#WARHOLWEDNESDAY - THE STAR
Andy Warhol’s ‘Myths’ (1981) is a portfolio of 10 prints that includes: The Star, The Witch, Howdy Doody, Uncle Sam, Superman, Mammy, Dracula, Santa Claus, The Shadow, and Mickey Mouse.
Several of these screenprints in colours are also embellished with diamond dust (The Star).
The subjects of the screen prints are famous figures from American films, history and culture. Almost all the prints were derived from existing images while he used costumed models to create the portraits of Santa Claus, Uncle Sam, and Mammy. Overall, the portfolio encompasses Warhol’s own life and the magic of 20th-century American pop culture.
The imagery presented in ‘Myths’ are nostalgic representations of America’s enchanted past. From the vibrant colouring to the icons’ dramatic expressions, each screenprint reflects American glamour and theatricality. These images are all taken from the 1940’s and 1950’s, when Warhol was a young boy, and experts see this portfolio as a vision of the artist’s childhood.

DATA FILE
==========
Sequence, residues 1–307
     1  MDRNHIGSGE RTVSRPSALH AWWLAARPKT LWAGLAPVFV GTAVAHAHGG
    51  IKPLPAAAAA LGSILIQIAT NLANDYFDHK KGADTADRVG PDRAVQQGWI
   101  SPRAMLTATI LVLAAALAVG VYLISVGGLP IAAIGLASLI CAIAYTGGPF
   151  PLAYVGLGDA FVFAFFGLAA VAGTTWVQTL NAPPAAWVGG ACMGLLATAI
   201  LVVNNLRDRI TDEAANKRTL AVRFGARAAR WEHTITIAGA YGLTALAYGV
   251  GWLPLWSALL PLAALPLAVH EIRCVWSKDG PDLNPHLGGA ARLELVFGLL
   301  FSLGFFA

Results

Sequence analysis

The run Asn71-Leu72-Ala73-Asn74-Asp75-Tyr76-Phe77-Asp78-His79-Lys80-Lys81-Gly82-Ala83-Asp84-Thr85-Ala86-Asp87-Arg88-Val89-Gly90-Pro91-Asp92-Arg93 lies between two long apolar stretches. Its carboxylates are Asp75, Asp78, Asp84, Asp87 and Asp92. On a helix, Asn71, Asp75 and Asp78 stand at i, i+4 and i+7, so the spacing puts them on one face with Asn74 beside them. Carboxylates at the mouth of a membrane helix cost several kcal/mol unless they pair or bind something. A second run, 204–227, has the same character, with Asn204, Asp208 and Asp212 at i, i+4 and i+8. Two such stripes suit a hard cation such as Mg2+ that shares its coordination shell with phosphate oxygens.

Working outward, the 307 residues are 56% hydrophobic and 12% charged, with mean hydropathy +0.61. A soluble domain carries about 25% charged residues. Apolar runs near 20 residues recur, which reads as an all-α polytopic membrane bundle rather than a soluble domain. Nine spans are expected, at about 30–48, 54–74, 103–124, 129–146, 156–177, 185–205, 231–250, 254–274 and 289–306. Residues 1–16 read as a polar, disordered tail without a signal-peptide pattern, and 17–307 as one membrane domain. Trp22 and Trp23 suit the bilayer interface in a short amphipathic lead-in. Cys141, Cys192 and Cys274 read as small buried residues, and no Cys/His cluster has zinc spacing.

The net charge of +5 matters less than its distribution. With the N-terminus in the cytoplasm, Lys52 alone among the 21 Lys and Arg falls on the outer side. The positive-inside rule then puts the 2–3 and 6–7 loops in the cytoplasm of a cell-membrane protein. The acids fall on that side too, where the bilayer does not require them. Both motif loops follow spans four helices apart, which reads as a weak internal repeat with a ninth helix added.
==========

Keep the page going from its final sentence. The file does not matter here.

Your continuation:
Whilst ‘The Star’ came from an existing image, a still of Greta Garbo in costume for her lead role in the 1931 film ‘Mata Hari’ directed by George Fitzmaurice, this image seems to break from the others in the series, since the character being portrayed – a wartime exotic dancer and spy – does not appear to be the work's subject, but rather Garbo herself - perhaps the greatest living movie star from the black-and-white era.
Warhol was a great cinephile, and had drawn illustrations of Garbo in the mid-1950s, before his gallery career took off, and is even said to have modelled his public persona on the reclusive film star, who retired from movie making in 1941. According to some reports Warhol met Garbo in 1950s at a picnic in New York. He is said to have given her a paper butterfly, which she later absent-mindedly crumpled up.